I don’t wanna interrupt their process, right? So this is probably as least intrusive as possible. So the first question, what is the purpose of your visit today? So the concept here is to map your goals of the site, not just your overall goals, like buying or becoming a lead, but your micro conversions as well, like learning about services.

Like that’s not probably, a goal in your Google Analytics, right? A hard to understand, well, when have they learned about services? Is it like a 75% scroll and two minutes on the page on a service page, then they learn about my services? Yeah, you could set that up.

But the point is, is to make sure you’re not, like, why I say that is you should be setting up your goals to, uh, we use an ACE acronym, awareness, engagement and conversions, and not just your purchases or your leads. If you do that, it’s gonna make you rely on attribution tools much more than you should be anyway, and very much in that, uh, a future topic. But, um, I and Google Analytics is deprecating more attribution models, and I like that. Um, I link, I like the last click, but only if you set up more goals. So make sure you’re looking at all of the different goals of your site. Um, so like I say, this is the hardest because most people haven’t thought deeply about this of, well, what are the different things people are looking to do on my site?

And just start with something good enough to get going, and then you can always make it better. Okay? So don’t overcomplicate this for me. I could probably have more radio option buttons here, but the whole point of this, there’s a little bit of CRO behavior design wizardry in here is if you ask them with an open field that’s more friction, and they would have to think more about, well, I came here for like five different things, and which one of those five should I put? And the point of having one select here and not multi-select is we just wanna know the most important one, and they’re probably gonna cite the most important one by default.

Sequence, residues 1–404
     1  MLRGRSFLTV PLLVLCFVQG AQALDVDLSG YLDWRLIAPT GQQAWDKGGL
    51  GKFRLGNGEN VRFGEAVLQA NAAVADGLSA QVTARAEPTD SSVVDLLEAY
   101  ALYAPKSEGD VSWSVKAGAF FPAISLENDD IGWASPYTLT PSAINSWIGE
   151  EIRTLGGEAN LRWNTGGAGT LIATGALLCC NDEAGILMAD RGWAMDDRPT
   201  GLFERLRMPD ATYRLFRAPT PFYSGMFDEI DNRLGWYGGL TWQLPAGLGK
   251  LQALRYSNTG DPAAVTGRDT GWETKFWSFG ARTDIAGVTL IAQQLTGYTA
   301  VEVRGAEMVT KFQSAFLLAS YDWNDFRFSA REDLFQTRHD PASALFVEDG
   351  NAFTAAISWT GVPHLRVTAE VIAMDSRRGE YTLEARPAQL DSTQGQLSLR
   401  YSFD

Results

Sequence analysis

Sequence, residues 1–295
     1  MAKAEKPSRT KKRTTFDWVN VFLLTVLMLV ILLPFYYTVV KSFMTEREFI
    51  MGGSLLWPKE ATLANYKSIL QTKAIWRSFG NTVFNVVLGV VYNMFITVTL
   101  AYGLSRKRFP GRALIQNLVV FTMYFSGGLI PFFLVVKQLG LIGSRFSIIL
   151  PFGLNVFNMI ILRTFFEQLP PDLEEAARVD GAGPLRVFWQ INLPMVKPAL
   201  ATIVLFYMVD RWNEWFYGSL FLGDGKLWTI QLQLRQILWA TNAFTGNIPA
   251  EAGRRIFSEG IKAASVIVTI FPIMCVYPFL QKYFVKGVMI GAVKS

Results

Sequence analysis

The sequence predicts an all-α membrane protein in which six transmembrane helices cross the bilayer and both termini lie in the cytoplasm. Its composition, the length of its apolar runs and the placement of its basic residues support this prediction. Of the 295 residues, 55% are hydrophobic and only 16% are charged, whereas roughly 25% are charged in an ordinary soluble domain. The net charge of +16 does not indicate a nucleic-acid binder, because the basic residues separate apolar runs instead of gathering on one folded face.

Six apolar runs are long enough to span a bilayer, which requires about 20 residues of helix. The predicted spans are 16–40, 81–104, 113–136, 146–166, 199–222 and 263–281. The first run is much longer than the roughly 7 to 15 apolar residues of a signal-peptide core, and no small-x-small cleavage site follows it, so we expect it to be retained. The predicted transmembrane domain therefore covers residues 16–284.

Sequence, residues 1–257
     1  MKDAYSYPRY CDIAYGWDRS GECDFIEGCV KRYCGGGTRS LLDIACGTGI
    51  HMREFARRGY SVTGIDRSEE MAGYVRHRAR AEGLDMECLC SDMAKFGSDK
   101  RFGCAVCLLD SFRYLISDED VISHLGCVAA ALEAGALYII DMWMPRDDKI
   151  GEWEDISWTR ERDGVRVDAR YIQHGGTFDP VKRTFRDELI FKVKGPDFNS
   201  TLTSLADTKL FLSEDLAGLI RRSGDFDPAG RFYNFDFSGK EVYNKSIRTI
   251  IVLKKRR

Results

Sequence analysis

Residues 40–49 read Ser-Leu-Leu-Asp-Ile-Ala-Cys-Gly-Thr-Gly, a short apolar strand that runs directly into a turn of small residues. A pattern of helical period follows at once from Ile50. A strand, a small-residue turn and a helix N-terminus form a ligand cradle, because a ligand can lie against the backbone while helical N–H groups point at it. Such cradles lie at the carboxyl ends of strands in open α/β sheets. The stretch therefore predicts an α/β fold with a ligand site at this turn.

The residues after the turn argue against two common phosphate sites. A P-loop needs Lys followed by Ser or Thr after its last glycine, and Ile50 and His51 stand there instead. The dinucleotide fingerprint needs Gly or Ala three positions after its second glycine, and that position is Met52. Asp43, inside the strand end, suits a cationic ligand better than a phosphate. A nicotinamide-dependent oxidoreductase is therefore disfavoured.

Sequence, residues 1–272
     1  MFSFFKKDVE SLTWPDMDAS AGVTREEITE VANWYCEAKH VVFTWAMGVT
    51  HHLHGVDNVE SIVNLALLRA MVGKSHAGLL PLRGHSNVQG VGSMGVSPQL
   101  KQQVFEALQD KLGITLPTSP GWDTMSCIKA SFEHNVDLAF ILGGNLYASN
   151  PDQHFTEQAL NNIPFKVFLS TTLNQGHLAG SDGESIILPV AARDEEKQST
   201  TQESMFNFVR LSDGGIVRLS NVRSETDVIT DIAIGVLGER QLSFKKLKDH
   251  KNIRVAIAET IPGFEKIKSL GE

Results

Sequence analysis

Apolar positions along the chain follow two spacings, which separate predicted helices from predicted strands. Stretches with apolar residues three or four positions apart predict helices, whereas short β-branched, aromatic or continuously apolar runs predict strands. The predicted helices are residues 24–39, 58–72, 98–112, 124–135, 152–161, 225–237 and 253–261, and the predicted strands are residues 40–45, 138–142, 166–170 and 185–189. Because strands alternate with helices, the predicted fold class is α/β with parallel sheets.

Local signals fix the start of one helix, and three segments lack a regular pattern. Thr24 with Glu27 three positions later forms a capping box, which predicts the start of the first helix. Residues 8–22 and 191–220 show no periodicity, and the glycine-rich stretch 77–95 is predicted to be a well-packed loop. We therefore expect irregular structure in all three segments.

So that’s kind of, the hidden point here. And we’re using Shel Dini’s principles of consistency and commitment. Once you start something, you’re much more likely to finish it. So once they start something, let’s say I was here to learn more about Red Enable Consulting and this crazy guy seeing videos to see if he’s legit or not. Um, the next question, because there are three questions, right? There’s not just one.

If they answer the first one, they’re much more likely to finish. Were you able to complete your task? Uh, let’s say, yeah, I was, there’s a lot of videos on my site. I hope you get to know me.

I would hope they were able to complete that. Um, nice and my thinking face here, uh, don’t add that. If you actually wanna get a better response here, that’s probably a bad idea, but how can we create a more delightful experience?

And so testing on live webinar and let’s do a little cool face emoji, but that is it. Those are the three questions. And we got that from a user now, which is great.

We got qualitative feedback that never would’ve shown up in Google Analytics. We, the point of showing something like this is that there are so many different goals of users coming to your site. It’s not, um, oh, you know, 98% of people didn’t buy or didn’t become a lead. You know, your conversion rate’s 2%. That’s terrible. Well, guess what? You know, maybe 60% of those people had no intention of converting.

Maybe they wanted to figure out, my privacy policy or use my UTM builder or, you know, maybe they wanted to use a tool and they just came back for that. Like, the point is, is to better capture the intent of users, uh, because there’s so many different options and not just one option. And so, um, that leads us to, and this is one I did for a client, and of course to use ChatGPT to just,